No respite for Palestinians from Israel strikes as diplomatic efforts falter
Israel's near-relentless bombing campaign raised the death toll in Gaza on Tuesday as millions of Palestinians across Israel, the occupied West Bank, and Gaza went on strike to protest continued air strikes and violent crackdowns by Israeli forces.
Gaza's health ministry reported that Israeli air strikes had killed at least 217 Palestinians, including 63 children and 36 women, since 10 May.
The Norwegian Refugee Council (NRC) said 11 children who were receiving trauma counselling from the charity were among those killed by Israeli bombing.
The death toll on the Israeli side rose to 12 after rockets fired at the southern Eshkol region killed two Thai nationals working in a factory.
In addition to the casualties, a week's worth of heavy bombardment in Gaza had obliterated buildings and roads, making it hard for emergency rescue crews to respond to new bombings.
The health ministry accused Israel of preventing the International Committee of the Red Cross (ICRC) from accessing certain health facilities in the coastal enclave.
While calls for a ceasefire have intensified, Prime Minister Benjamin Netanyahu vowed on Tuesday that Israel would continue its onslaught on the coastal enclave "as long as necessary," before a UN Security Council meeting broke up after less than an hour without issuing a statement.
Tuesday's UN Security Council session, the fourth since the conflict escalated, was called after the United States, a key ally of Israel, blocked the adoption of a joint statement calling for a halt to the violence.
But the latest session again closed without consensus.
"We do not judge that a public pronouncement right now will help de-escalate," US envoy Linda Thomas-Greenfield said during Tuesday's closed-door meeting, according to a diplomat.
EU foreign policy chief Josep Borrell on Tuesday strongly backed the ceasefire calls and urged Israel to act in a "proportionate" manner.
US President Joe Biden said on Monday that he "expressed support" for a ceasefire between Israel and Hamas, however, did not explicitly call for one.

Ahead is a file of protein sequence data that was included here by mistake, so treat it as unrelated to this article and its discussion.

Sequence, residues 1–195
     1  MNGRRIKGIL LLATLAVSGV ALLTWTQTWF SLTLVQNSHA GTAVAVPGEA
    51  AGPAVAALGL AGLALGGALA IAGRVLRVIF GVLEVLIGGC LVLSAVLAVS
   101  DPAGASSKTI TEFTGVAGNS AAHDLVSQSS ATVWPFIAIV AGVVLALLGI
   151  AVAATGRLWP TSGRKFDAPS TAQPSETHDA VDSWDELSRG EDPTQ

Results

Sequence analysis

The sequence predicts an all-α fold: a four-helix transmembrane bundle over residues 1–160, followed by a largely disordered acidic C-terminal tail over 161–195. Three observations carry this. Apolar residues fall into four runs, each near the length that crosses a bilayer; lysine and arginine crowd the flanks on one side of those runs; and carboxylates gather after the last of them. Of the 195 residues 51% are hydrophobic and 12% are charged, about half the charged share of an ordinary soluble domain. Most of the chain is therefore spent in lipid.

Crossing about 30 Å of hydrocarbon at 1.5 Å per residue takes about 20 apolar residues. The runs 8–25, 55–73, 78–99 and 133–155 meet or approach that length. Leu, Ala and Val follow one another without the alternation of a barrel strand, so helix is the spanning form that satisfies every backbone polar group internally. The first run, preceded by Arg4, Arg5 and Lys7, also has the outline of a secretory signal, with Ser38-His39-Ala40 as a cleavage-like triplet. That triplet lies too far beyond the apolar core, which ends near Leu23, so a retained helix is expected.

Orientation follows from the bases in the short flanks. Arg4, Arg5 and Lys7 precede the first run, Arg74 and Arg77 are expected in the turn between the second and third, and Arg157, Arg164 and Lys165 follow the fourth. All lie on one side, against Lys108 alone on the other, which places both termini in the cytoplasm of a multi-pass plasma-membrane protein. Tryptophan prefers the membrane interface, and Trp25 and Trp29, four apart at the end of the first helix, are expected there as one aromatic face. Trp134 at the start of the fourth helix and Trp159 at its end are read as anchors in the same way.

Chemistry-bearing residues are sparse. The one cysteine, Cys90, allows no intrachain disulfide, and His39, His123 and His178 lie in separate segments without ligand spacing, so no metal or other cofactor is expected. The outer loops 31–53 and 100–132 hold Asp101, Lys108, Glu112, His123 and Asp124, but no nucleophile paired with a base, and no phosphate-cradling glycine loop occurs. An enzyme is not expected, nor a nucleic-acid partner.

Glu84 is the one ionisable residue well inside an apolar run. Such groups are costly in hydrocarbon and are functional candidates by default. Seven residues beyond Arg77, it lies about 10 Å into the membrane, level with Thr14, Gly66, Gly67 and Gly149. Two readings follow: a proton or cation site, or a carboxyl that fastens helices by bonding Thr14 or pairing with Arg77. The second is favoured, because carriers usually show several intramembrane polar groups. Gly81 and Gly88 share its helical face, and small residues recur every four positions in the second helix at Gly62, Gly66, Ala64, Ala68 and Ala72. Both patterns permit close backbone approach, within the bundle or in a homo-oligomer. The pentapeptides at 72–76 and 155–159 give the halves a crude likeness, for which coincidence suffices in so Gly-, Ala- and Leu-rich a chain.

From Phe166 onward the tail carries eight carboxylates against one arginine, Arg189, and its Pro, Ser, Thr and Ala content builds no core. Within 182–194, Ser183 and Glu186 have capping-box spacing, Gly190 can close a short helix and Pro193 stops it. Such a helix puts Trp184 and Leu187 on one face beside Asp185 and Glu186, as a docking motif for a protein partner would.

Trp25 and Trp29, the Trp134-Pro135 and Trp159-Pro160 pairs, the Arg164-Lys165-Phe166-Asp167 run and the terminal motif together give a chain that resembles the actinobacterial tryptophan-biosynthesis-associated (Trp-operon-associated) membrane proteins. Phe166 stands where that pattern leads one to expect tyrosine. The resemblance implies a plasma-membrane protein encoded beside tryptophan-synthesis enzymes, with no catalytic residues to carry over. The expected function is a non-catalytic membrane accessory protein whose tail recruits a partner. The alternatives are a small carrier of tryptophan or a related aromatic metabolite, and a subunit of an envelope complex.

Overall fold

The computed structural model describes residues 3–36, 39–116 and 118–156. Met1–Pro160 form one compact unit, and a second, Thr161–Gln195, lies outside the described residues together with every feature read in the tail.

Meanwhile, a group of experts with the UN Human Rights Council (UNHRC) called on the international community to unite in calls for a ceasefire, and then work to end Israel's occupation of Palestine.
The experts said that "the denial of collective and individual rights of the Palestinian people" was the "underlying source" of the conflict between Israel and Palestine.
Millions of Palestinians go on strike
Millions of Palestinians across Israel, the occupied West Bank and Gaza went on strike on Tuesday to protest Israeli crackdowns and the relentless bombing of the besieged enclave.
Schools, businesses, shops and official institutions in Israel heeded the call and joined the Karameh (Dignity) Strike, and the Palestinian Authority (PA) in the occupied West Bank also encouraged participation in the action.
Around 1.93 million Palestinians are citizens of Israel, a fifth of the country’s population. In the West Bank and East Jerusalem are some three million, some of whom travel over to Israel every day to work on construction.
"I cannot recall, for years, Palestinians of all backgrounds, factions, Muslims, Christians, atheists, being united under one goal," Inas Abbad, a political science researcher and activist from East Jerusalem, told Middle East Eye.
In addition to the strike, thousands of Palestinians in multiple cities staged protests including in Ramallah, Bethlehem and in Jerusalem, where Israeli forces violently cracked down on demonstrators.
The Palestinian health ministry said Israeli forces shot and killed four Palestinians in the West Bank, bringing the total number of Palestinians killed there since 10 May to 24.
The Palestinian Red Crescent said its teams had treated more than 150 people in Jerusalem and the occupied West Bank, including 35 with live bullet wounds and more than 80 suffering from tear gas inhalation.
Also in Jerusalem, Israeli police beat, pepper-sprayed and removed the headscarf of MEE correspondent Latifeh Abdellatif.